Photo by Edwin Hooper on Unsplash

The American Chamber of Commerce in Ukraine has concluded a new study where business owners look back at a year in lockdown. 

62 percent of the 100 CEOs and top managers, who took part in a survey by the American Chamber of Commerce in Ukraine, was dissatisfied with the Ukrainian Government handling of the Covid-19 outbreak last year. Only 18 percent were satisfied, according to the survey, accessing the business climate after the first year with Covid. 

Sixty percent of the respondents said that they also are dissatisfied with the lack of support from the Ukrainian Government for businesses during the lockdown. Only 11 percent of the CEOs and top managers said that they were happy with the support. 

“With 43% of members that are cautiously optimistic about doing business and potential investing in Ukraine in 2021, the top challenges remain the same. Business calls the Government to ensure the rule of law, protect the population from COVID-19, and fight corruption. AmCham Ukraine continues to stand up for business and stands ready to help the Government reignite the economy and defeat the pandemic,” said Andy Hunder, President of the American Chamber of Commerce in Ukraine.

When asked in the survey to mention three things that the Ukrainian government should do, the CEOs and top managers say implementing an effective judicial reform (74 percent), wide-scale testing for Covid-19 and good testing (46 percent), and to fight and stop corruption (37 percent). 

Many have lost revenue

It is not surprising that 2020 was a challenging year for all businesses in Ukraine. YouControl reported that 10,000 companies in Ukraine closed last year and that the level of new companies dropped by 20 percent, writes UBN. It is also visible in the American Chamber of Commerce survey in Ukraine that the lockdown was hard. 

37 percent reported a decrease in their revenues, while 40 percent, however, reported an increase in their incomes. 56 percent of respondents also retained their number of employees, 24 percent hired new personal, while 20 percent cut staff.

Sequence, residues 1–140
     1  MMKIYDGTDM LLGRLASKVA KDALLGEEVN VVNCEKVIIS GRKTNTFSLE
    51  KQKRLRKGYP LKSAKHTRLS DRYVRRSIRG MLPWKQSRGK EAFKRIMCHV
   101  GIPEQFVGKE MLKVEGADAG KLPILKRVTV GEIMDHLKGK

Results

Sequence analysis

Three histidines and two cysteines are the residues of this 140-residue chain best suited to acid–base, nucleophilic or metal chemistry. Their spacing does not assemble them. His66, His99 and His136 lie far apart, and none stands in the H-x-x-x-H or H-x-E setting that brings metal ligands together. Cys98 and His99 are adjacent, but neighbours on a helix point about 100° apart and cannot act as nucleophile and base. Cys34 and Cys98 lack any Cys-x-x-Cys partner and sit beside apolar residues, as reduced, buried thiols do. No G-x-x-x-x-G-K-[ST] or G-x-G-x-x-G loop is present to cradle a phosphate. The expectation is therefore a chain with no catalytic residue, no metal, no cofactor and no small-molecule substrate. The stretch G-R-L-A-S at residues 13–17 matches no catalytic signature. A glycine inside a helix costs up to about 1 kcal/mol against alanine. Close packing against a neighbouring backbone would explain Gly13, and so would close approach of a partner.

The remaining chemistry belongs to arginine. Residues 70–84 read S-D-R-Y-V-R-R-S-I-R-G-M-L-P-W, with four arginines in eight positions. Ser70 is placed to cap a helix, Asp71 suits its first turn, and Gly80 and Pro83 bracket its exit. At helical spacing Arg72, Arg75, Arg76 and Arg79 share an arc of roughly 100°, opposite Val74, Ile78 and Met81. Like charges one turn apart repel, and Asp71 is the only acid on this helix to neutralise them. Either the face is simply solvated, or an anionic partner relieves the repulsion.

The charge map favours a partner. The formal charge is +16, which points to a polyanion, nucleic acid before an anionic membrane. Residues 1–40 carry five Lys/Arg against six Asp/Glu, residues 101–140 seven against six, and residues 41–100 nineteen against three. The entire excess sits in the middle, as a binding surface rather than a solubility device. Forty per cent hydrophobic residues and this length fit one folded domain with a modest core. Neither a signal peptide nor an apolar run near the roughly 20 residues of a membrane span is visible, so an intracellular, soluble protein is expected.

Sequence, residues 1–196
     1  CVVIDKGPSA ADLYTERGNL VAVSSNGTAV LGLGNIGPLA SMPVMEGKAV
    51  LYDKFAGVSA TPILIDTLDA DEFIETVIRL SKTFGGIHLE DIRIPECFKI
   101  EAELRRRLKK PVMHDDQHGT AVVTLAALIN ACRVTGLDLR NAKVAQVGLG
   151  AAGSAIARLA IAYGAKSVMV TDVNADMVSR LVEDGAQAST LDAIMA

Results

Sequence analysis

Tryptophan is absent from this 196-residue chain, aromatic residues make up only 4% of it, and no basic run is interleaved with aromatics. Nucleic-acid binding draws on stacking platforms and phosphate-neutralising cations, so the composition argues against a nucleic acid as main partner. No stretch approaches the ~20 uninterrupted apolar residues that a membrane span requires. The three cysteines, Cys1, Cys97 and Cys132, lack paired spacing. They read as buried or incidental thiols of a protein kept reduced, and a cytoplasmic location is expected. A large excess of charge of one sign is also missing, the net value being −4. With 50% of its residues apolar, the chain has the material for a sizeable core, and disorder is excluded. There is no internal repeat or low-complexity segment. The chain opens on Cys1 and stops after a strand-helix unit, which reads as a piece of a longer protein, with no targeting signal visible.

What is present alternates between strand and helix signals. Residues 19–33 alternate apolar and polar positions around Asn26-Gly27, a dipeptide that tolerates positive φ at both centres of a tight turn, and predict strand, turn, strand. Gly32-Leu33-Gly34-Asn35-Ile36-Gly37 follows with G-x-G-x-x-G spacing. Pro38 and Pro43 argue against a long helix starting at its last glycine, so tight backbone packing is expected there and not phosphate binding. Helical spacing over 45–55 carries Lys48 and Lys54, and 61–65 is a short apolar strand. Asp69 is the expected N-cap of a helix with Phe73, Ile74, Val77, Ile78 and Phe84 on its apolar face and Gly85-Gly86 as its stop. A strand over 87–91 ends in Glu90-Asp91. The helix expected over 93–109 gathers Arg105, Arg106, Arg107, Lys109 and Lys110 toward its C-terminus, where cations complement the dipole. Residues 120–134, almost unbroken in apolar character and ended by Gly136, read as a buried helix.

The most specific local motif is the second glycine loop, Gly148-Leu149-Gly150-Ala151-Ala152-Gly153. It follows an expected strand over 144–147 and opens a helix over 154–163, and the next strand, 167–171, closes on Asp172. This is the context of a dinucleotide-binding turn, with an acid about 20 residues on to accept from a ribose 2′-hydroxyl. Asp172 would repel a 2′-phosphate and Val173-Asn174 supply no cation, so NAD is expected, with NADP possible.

The biggest challenges with the pandemic and the lockdown last year were “the introduction of the hybrid work environment (82%), digitalization of workflow (63%), development of new crisis management strategies (49%), and introduction of resilient models that can serve clients despite circumstances (47%),” according to the survey. 

A new lockdown is here

A new lockdown is currently in place in many Ukraine regions due to a spike in new Covid-cases, and it is unclear how companies will respond to that. However, Ukrainenu talked to the Danish companies Danfoss and Guldmann, and they feel ready. 

Danish companies: We are ready for this lockdown

“2020 was a year of challenges and rapid change that required significant effort and agility from the companies’ management to navigate… Going forward, it is extremely important to look at the areas we need to continue to develop to unlock the economic potential of Ukraine. In my view, we have the necessary skills and experience for this,” said Vice-Chair of AmCham Ukraine Board of Directors, Alexander McWhorter.

UBN writes that the Ukrainian Government intends to offer 8,000 UAH, about 285 dollars, in cash payments to small and medium-sized companies to help them get through the three-week strict quarantine currently in place. 

“The state is ready to pay the relevant individual entrepreneurs and employees of enterprises who have suffered as a result of the introduction of quarantine restrictions in the red zones, 8,000 UAH each. In particular, a set of measures has been developed to support people and businesses, which will be implemented in cooperation with local governments,” Prime Minister Denis Shmyhal said.